Paul Walden was a chemist best remembered for his work in stereochemistry. He is credited with inventing the stereochemical reaction, which came to be known as Walden inversion. Over the course of his illustrious career, Paul Walden was honored with several prestigious awards, including the Gmelin-Beilstein Medal in 1954.
Carl Wagner was a German physical chemist best remembered for his pioneering work on materials chemistry. His work on counter diffusion of ions, defect chemistry, and oxidation rate theory led to a greater understanding of the reactions at the atomic level. Regarded as the father of solid state chemistry, Carl Wagner received several awards including the Willis R. Whitney Award.
Max Volmer was a German physical chemist best remembered for making prominent contributions in the field of electrochemistry. He is also remembered for co-developing the Butler–Volmer equation, one of the most basic relationships in electrochemical kinetics. Max Volmer also worked at the Humboldt University of Berlin as a professor.
Frederick Gardner Cottrell was an American inventor, physical chemist, and philanthropist. Cottrell is best remembered for inventing the electrostatic precipitator. He is also remembered for founding the Research Corporation for Science Advancement. Frederick Gardner Cottrell won several prestigious awards, such as the Willard Gibbs Medal. In 1992, he was made an inductee of the National Inventors Hall of Fame.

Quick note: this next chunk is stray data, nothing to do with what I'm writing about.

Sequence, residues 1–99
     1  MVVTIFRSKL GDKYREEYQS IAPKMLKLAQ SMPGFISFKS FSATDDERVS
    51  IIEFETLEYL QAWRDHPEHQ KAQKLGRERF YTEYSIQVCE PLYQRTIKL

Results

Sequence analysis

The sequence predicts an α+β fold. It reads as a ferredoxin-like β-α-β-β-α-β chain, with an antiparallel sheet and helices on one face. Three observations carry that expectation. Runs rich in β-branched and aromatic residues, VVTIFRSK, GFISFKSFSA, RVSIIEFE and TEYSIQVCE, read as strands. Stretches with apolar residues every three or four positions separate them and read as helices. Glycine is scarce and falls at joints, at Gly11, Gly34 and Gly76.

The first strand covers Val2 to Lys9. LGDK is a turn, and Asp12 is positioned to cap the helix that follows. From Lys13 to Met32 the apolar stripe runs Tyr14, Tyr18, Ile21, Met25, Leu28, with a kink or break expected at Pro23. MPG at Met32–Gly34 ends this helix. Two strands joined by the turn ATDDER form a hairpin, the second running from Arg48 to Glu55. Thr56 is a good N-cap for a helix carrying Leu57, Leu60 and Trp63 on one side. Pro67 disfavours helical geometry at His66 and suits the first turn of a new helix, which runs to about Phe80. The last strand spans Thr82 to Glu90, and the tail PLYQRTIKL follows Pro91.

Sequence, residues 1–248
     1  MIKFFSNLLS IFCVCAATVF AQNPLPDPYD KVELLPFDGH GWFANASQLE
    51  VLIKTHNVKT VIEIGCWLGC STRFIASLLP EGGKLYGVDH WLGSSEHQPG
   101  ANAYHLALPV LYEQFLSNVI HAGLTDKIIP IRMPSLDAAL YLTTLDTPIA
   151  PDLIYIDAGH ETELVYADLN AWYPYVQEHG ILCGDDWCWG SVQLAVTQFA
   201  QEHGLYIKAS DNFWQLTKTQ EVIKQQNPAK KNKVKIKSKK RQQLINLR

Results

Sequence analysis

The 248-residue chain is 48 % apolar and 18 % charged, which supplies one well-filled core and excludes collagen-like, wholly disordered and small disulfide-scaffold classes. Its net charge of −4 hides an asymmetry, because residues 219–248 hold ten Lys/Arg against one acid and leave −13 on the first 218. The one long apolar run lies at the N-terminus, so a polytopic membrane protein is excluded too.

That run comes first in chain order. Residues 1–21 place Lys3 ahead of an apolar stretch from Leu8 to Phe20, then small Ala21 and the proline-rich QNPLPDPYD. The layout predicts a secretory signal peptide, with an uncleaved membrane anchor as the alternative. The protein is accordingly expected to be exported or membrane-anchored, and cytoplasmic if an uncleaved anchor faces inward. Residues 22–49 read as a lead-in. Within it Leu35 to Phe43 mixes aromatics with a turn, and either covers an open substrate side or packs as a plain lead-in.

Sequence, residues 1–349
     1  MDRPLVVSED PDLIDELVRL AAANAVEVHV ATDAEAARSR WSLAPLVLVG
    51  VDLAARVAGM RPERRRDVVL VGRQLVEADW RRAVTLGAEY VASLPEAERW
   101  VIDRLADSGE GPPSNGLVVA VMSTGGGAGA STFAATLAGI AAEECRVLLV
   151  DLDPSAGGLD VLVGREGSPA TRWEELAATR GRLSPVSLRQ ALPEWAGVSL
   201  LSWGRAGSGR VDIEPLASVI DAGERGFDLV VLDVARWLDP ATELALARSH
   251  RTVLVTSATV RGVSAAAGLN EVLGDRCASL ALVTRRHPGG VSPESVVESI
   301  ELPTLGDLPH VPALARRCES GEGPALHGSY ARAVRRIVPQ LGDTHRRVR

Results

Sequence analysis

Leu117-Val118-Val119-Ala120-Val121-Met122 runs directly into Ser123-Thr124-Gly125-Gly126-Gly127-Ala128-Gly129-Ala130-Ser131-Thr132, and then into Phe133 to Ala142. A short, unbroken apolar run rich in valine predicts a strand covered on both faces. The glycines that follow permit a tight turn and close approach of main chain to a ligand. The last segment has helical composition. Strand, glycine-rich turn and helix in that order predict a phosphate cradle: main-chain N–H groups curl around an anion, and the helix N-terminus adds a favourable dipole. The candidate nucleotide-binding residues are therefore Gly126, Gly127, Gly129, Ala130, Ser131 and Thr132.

George Cowan was an American businessman, physical chemist, and philanthropist. He played an important role in the Manhattan Project, where his knowledge on nuclear physics and chemistry was considered invaluable. After the end of the war, George Cowan became a prominent member of a group, which would later found the Santa Fe Opera.
Saul Dushman was a Russian-American physical chemist best remembered for his work in General Electric Company, where he became part of the Research Laboratory in 1912. His main research interests were electromotive force, quantum mechanics, electron emission, atomic structure, high vacuum, and unimolecular force. Saul Dushman is also credited with authoring several science textbooks.